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City Highlights

Vienna’s green and free spaces grow

By Vanessa Wabitsch

23 October 2019

Integrating forests and trees in urban development is a top priority for the city of Vienna. In fact one could say that they have been at the top of Mercer world’s highest quality of living index because nature plays such a big role in the city. 

Vienna’s department for forests and agriculture is historically integrated in the development of urban areas.

In the new urban areas Aspern Seestadt we planted around 40 hectares of forest and the Leopoldau 90 hectares of forest. We carefully consider biodiversity, a healthy combination of trees and bushes including fruit bearing plants and letting it grow in its natural way

Vienna’s forest director Herbert Weidinger
Some of Vienna's trees.

The masterplan for this part of the city was developed in 2007 and forests and parks were integrated into the initial plans raising the quality of life for 6000 residents and 1500 business people working in 120 companies in this part of the city.

Throughout the development of so-called “green and free spaces” (Grün- und Freiraum) Vienna prioritizes a balance between natural forests, parks and carefully developed streets and squares as well as buildings. The world’s tallest wooden structure high-rise building called the Hoho project is located in Seestadt with wooden blocks, tree bark on the façade and wooden surfaces for the interior.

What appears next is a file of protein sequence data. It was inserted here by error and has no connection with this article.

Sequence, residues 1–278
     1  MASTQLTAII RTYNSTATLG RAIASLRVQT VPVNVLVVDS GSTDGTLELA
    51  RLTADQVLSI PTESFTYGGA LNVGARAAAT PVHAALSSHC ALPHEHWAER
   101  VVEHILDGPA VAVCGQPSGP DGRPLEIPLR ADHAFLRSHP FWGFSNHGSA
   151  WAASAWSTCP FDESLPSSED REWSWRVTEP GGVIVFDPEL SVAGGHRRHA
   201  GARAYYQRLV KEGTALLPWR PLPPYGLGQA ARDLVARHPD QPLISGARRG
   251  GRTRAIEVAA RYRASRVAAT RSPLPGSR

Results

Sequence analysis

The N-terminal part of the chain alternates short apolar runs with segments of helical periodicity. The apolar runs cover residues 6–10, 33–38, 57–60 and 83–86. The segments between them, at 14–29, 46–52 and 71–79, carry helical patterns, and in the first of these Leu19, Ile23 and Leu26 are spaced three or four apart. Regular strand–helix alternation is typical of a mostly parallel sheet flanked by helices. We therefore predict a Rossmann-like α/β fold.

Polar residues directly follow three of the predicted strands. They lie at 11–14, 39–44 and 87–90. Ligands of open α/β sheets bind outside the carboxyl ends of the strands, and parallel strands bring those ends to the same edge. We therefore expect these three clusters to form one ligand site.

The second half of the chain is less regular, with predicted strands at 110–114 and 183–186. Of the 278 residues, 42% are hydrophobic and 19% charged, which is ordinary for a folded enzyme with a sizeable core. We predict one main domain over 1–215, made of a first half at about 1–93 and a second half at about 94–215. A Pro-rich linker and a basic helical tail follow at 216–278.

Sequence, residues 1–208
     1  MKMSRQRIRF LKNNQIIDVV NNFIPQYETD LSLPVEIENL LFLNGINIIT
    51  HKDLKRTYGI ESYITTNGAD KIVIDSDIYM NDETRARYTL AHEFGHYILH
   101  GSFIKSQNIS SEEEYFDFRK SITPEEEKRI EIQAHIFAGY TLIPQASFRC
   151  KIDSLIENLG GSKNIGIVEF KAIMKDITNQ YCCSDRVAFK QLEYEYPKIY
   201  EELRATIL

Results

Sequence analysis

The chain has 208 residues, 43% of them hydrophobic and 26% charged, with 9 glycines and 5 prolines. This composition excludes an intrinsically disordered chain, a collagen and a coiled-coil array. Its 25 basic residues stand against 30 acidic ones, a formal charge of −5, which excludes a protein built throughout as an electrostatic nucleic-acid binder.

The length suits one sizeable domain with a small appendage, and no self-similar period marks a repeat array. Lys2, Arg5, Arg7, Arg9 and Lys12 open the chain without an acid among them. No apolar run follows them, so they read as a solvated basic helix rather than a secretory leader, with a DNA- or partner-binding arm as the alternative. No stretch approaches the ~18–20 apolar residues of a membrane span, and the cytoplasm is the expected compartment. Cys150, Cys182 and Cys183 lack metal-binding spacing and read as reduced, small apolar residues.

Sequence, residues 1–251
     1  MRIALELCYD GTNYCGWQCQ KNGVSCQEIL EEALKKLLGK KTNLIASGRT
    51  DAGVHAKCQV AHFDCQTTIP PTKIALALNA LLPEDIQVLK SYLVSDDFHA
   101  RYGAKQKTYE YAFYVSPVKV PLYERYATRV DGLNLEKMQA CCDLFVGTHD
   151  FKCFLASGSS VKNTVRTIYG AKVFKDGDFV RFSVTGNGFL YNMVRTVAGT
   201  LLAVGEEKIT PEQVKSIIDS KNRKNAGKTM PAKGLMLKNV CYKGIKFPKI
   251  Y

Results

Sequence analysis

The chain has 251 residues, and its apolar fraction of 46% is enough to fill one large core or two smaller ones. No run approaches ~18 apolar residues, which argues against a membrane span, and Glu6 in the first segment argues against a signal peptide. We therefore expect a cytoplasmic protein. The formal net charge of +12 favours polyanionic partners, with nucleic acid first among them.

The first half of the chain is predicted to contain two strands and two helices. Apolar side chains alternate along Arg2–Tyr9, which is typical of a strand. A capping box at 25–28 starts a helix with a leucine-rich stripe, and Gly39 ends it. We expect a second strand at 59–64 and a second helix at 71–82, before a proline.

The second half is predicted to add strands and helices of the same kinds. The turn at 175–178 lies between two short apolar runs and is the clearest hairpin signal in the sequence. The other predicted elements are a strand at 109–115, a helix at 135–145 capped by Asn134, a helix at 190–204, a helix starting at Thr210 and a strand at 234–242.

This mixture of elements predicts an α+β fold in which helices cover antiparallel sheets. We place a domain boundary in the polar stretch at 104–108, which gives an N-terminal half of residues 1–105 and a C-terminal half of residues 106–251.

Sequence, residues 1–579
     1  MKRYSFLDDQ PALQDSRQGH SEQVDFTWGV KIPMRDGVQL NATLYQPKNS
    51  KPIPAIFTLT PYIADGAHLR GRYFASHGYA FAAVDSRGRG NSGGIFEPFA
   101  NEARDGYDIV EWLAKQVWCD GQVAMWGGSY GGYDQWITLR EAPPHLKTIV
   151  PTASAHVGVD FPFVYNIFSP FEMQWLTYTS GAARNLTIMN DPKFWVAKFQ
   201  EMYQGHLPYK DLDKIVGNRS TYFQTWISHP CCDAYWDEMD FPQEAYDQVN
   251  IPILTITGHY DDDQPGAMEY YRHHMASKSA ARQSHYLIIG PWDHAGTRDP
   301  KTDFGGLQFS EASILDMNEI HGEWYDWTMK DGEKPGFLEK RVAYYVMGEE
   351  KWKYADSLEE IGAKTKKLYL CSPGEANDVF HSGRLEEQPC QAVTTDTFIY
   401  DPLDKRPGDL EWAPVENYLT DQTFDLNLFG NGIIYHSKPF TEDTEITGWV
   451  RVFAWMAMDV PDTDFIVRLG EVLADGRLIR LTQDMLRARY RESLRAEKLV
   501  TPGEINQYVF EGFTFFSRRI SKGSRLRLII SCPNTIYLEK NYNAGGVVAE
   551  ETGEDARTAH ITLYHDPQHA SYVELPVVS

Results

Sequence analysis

Vienna’s woods are a good example of merging forests and art. In the “Memorial forest” (Gedenkwald) 65,000 trees are planted to commemorate those lost in the Holocaust from the Jewish society during the second World War. Furthermore, art sculptures of local artists are well embedded in natural forests. One to get lost in is the Labyrinth Garden Aspern inspired by the exhibition “Sharing Heritage: Labyrinths in Europe,” a permanent labyrinth made of trees and plants with a diameter of 36m and 260m to the center.

A permanent labyrinth made of trees and plants with a diameter of 36m and 260m to the center.

 In the “Memorial forest” (Gedenkwald) 65,000 trees are planted to commemorate those lost in the Holocaust from the Jewish society.

Vienna’s residents are often involved in forest plantation events with more than 5000 people participating as well as school classes which foster education and experiences in nature and the environment. 

Green spaces are increasing as the effects of the climate crisis such as rising temperatures are visible in Vienna, as they are in most of the cities. 

Climate adaptation including water basins and the adaptation of forests and biodiversity are key to maintaining the quality of life.  

Currently Vienna is developing a climate fit forest program locally and intends to collaborate with other Cities4Forests cities to exchange best practice and create climate fit forests around the globe.

Vanessa Wabitsch, Project Manager, REVOLVE